I have been practicing yoga since Winter Solstice 2012.
I visited the People’s Yoga on a 10-day pass during a 10-day winter
cleanse. I guess I enjoyed TPY so much that I became a membah!
I enjoy all the instructors and find TPY to be warm, inviting,
and accepting.

What brings you back to your mat day after day?
An Accident – knowing that we are never assured of the next
moment or the next breath.
An Idea – that we give ourselves a gift each time we snuggle
up onto our mat and make the effort to be fully present.
An Article – about the venerable Gao Fu.

What’s your favorite thing about the People’s Yoga?
I am inspired by and grateful for the other practitioners at TPY for making me smile, laugh,
and for sharing in the experience of “eating bitter” from time to time. I am quite grateful
for all the instruction and care that I have received. TPY is wicked awesome!

What are you up to off your mat?
Yoga helps keep me limbah and flexible for my co-ed softball team, indoor/outdoor basketball,
hiking, and cycling. I have been a practicing Licensed Massage Therapist in Portland since 2007,
working both with acute/chronic injuries and simply for relaxation. I love yoga, massage therapy,
and smelling summer roses after they have been perched under the sun for hours.

I walked into my first yoga class in an inner-city YWCA about a year and a half ago. The instructor sprinted in two minutes after 6AM, breathless from the spinning class she’d just taught. Her voice had the harsh twang of a hopeful Liz Phair impersonator as she intoned, “Circle sweeping the arms up; swan diving down.” Up, down, up, down, and then we’d get to the push-ups. 55 minutes of something resembling sun salutations, then we’d spend the last five minutes of class laying “in our safe happy place” while she ran out to unlock the cycling studio again.
After about three classes of that, we had our first sub. She made us connect each movement of that mad caper to a breath—inhale up, exhale down. Like the difference between being hooked on phonics and real reading, the jerky motions acquired a cadence as they came into focus on the movement of the breath. My curiosity was piqued: with approximately 30 years experience holding my breath in stressful situations, I wondered what would happen if I cultivated the habit of breathing. And so I kept showing up, day after day, 5-6 days a week.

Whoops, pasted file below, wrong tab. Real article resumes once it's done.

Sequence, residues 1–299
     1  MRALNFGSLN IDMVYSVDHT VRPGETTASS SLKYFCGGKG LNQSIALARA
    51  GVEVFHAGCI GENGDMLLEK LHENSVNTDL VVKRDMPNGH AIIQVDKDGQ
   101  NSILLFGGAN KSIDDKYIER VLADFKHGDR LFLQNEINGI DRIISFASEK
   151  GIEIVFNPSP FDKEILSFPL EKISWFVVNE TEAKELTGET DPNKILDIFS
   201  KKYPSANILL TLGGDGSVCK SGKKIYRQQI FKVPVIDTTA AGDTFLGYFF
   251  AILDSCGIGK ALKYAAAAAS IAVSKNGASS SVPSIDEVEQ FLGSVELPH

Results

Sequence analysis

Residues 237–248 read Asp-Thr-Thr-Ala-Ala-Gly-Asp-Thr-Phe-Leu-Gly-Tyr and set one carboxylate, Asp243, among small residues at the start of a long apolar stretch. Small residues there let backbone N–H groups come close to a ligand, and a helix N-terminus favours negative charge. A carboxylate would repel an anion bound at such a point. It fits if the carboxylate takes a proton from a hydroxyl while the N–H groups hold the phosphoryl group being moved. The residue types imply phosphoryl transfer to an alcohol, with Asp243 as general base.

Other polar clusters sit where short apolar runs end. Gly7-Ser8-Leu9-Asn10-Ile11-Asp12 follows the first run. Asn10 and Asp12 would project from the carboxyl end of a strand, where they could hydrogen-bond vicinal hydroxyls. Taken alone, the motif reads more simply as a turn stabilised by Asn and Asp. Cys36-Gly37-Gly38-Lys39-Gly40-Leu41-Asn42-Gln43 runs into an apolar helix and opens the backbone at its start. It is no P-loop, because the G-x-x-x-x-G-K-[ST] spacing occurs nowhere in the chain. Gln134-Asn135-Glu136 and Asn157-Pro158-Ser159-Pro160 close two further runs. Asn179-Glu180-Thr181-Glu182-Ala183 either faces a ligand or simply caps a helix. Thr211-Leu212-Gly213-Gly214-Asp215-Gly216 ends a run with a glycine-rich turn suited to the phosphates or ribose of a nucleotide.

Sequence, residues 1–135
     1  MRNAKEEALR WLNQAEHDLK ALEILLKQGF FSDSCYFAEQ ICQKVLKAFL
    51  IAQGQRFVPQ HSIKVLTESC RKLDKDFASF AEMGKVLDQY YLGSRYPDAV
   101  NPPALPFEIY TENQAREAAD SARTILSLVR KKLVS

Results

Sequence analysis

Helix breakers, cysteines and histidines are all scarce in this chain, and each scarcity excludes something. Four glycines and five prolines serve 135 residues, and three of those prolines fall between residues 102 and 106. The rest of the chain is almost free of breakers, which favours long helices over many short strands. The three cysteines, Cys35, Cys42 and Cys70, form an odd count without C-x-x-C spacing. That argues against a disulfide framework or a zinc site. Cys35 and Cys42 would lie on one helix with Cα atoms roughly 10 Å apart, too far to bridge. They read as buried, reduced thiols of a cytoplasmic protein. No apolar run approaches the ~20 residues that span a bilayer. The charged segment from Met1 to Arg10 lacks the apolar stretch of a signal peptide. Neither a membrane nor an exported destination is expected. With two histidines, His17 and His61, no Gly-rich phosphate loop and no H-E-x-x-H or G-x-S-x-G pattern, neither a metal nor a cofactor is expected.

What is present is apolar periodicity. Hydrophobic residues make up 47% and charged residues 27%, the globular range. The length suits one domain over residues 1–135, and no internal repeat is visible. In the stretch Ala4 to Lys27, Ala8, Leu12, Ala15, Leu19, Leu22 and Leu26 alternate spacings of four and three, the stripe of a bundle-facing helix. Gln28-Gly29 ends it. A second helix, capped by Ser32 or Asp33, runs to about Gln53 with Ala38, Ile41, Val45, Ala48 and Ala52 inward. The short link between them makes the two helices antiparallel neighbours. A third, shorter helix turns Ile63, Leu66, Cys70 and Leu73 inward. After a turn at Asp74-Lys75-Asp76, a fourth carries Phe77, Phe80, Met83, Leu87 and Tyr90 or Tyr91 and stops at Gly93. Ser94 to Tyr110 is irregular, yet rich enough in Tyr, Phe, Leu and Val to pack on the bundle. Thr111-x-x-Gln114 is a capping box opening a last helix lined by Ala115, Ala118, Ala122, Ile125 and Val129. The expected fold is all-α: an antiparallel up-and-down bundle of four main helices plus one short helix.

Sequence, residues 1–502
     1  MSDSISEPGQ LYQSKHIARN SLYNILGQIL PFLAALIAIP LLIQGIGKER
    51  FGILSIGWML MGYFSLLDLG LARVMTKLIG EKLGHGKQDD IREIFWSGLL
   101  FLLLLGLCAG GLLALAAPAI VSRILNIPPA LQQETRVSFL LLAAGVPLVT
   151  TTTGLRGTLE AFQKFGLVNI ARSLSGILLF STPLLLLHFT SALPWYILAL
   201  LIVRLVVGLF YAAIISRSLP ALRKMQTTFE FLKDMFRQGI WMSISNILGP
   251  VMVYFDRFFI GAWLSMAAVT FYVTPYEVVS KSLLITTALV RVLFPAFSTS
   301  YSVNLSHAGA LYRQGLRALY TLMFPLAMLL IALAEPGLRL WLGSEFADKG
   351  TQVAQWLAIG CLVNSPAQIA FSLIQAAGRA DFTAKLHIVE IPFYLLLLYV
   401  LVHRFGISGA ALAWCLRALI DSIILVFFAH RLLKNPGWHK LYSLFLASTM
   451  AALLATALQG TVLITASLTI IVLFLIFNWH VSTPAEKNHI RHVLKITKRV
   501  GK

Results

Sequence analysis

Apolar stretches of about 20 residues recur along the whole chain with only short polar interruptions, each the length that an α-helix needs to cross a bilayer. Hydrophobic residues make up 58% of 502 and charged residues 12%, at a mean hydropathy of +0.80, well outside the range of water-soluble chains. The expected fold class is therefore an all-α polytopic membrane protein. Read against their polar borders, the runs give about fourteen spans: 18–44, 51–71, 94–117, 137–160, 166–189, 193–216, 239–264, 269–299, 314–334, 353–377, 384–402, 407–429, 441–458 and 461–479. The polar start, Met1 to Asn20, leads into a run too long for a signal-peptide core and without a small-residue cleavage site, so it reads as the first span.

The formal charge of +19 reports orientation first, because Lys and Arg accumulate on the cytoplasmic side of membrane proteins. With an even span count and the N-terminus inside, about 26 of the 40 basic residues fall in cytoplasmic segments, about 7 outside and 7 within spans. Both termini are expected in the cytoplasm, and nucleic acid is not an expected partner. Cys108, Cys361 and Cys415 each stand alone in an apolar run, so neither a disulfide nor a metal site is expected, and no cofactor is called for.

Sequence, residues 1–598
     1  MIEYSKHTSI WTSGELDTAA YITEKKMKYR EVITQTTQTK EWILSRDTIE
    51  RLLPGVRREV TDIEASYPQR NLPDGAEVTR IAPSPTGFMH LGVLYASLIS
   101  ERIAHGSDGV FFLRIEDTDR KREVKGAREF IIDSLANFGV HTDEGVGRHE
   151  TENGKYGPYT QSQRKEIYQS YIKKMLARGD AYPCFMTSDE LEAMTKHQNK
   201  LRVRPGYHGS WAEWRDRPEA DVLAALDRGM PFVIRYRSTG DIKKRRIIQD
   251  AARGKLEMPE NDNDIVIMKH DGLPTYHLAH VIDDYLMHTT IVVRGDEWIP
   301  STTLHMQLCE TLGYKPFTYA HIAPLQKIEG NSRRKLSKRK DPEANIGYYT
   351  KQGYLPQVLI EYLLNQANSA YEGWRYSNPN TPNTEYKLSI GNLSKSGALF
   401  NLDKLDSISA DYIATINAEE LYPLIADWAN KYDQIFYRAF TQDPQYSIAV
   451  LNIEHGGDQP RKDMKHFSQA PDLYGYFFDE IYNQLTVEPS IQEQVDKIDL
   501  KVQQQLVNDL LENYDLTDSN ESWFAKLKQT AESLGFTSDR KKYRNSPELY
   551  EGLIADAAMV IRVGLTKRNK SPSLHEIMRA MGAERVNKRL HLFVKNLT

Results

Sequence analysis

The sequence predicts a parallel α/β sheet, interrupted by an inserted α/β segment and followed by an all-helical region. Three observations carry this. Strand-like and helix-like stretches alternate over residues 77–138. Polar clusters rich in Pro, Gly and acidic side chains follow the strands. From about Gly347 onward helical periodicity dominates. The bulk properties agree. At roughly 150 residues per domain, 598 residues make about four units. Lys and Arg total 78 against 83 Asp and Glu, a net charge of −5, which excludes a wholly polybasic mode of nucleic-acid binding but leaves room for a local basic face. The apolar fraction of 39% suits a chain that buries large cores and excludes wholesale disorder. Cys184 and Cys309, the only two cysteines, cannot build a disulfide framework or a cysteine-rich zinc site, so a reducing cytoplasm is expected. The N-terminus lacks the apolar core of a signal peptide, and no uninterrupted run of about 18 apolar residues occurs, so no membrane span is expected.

I first showed up at a yoga class because it was a cheap, conveniently located antidote to grueling Minnesota winters and sedentary 60-hour work weeks. My expectations were pretty low: do something that didn’t involve those treadmills under the blaring TVs, but didn’t exceed the boundaries of my Y membership, so handily subsidized by my health insurance at the time.
A motley assortment of seniors, a few dudes in baggy jeans, and the occasional marathoner visiting for a quick stretch, it was the perfect group for me. After we’d rushed through our day’s sequence, we bowed to the mirrors, the teacher in front of them, and the impatient crowd queuing up at the door for 7AM Zumba class. Everyone would intone the requisite “namaste”–except for me.
Raised in Eugene, I was skeptical of anything that smacked of the loose new age-Eastern-self-help-feelgood spirituality that was proclaimed from bumper stickers and dangling prayer flags. I’m one of those people who actually reads things before I sign them and I couldn’t bring myself to recite a word I only understood another slogan. And so I’d incline my head, silent but full of a wordless gratitude.